I incorporate the mathematics of harmony in the design of each drum and each set of drums while always trying to hone the visual aspect so that players know it’s going to sound beautiful before they play the first note. The main inspiration for my work is to make drums that are the complete package for the player, both visually and tonally.
Do you listen to the input from players?
Definitely. Players have been a huge help. I always listen to the input from players because they know what they want to hear. Of course, I have my own ideas and tastes, but as a custom drum builder it’s my challenge to craft instruments to meet their sound requirements. All custom musical instruments represent art with a deep purpose. If a drum looks good but doesn’t sound good to the player, it misses the mark and the player is the one who is left unhappy. I try to take the input from players and build them exactly what they are looking for.
What instruments do you currently offer? What future instruments will you be offering?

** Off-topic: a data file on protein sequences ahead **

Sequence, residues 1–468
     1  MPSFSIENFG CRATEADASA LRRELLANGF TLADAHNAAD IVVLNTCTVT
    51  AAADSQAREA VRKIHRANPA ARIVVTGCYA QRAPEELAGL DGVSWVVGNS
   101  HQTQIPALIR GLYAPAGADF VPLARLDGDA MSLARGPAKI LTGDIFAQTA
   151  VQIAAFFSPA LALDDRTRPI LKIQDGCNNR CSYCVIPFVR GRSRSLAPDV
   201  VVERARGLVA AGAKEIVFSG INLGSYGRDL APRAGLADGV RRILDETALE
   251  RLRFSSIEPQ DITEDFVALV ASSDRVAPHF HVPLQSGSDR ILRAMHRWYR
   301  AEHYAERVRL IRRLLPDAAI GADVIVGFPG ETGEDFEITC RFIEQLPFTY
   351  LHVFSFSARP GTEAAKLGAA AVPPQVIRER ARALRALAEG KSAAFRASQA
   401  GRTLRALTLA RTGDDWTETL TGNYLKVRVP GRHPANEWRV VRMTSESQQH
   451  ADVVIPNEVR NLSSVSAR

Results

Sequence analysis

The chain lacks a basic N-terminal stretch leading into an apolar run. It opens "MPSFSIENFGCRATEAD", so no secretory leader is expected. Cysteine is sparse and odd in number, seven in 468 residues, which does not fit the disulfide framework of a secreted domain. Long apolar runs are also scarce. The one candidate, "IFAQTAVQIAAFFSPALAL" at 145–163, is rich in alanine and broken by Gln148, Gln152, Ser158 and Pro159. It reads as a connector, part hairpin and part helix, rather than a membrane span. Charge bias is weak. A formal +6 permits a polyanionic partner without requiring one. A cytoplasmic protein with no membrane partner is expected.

I offer Congas, Bongos, Barriles de Bomba, Haitian drums, Dununs, skins and mounted heads, claves and sticks, custom stainless steel hardware, lots of accessories and I do take special requests from time to time. My line of instruments is expanding and I’m always pushing the boundaries. I’m currently developing some small frame style drums, tamborims, pandeiros, panderetas, tambourines, etc. In the future I’d like to get more into making cajons, bata and even djembes.
There is much talk on the forums from owners and also many people I know who have had to wait for new custom or handmade drums and repairs from various drum makers and shops. Would you like to address why it takes so long?